The rapid rise in diabetes

Type 2 diabetes is likely to be the greatest epidemic in human history, according to researchers at the Baker IDI Heart and Diabetes Institute (Baker IDI).

Researchers at Baker IDI are working hard to understand the challenges of diabetes and which people are most at risk, in order to develop improved preventative strategies, provide better treatments and reduce the complications associated with the diabetes epidemic.

Many people have heard about the increase of type 2 diabetes in Australia, but most may not realise that it is rising at such a rapid rate that it is expected to become the most common disease in Australia by 2023 – ahead of cancer and heart disease.

The International Diabetes Federation and World Health Organization indicate that the number of people with diabetes globally will escalate from 285 million to 438 million between 2010 and 2030.

Type 2 diabetes – the most common form of diabetes – is a chronic, long-term disease marked by high levels of sugar in the blood. It occurs when the body does not produce enough insulin (a hormone released by the pancreas) or respond adequately to insulin.

Diabetes threatens to significantly impair the quality of life for millions of Australians. People with diabetes have a higher risk of developing heart disease, stroke, high blood pressure and circulation problems, or suffering lower limb amputations, nerve damage and damage to the kidneys and eyes.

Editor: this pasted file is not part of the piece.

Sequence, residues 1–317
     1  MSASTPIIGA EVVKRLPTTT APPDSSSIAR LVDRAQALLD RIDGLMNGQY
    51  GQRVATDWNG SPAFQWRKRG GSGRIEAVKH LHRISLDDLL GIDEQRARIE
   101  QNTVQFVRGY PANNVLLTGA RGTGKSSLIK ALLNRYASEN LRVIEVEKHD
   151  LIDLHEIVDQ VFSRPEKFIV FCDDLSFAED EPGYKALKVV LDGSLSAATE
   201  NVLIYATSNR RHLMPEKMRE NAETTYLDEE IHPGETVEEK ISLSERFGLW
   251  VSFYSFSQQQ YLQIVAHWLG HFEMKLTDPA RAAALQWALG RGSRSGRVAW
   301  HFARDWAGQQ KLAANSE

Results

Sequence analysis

Equally concerning, there are many people who already have type 2 diabetes but may not know it because they have no obvious symptoms.

Baker IDI is working to tackle this disease on a number of fronts, with the Institute’s research extending from the laboratory to wide scale community studies.

As part of its mission, Baker IDI is committed to tackling the enormous health disadvantage that exists between Indigenous Australians and non-Indigenous Australians. The challenge in this area is significant, with a report by the Australian Institute of Health and Welfare, Australia’s Health 2010, revealing that Indigenous adults are about three times as likely to report that they have diabetes.

Baker IDI is home to Australia’s largest specialist diabetes clinic, located in Melbourne. The Institute boasts a range of online resources, including fact sheets on cholesterol, healthy snacks and food labelling. For more information, or to complete the Baker IDI Online Rish Assessment tool, visit

Prevention and online risk assessment tool

Baker IDI Heart and Diabetes Institute has developed a type 2 diabetes risk assessment tool on behalf of the Australian, state and territory governments to help people determine their risk of type 2 diabetes. As well as understanding the risk, it is also good to keep in mind that the lifestyle choices people make can actually prevent, or at least delay, the onset of type 2 diabetes. Key factors include a person’s weight, waist measurement, level of physical activity, eating habits and whether they smoke.

Information provided in this article is not medical advice and you should consult with your healthcare practitioner. Australian Unity accepts no responsibility for the accuracy of any of the opinions, advice, representations or information contained in this publication. Readers should rely on their own advice and enquiries in making decisions affecting their own health, wellbeing or interest.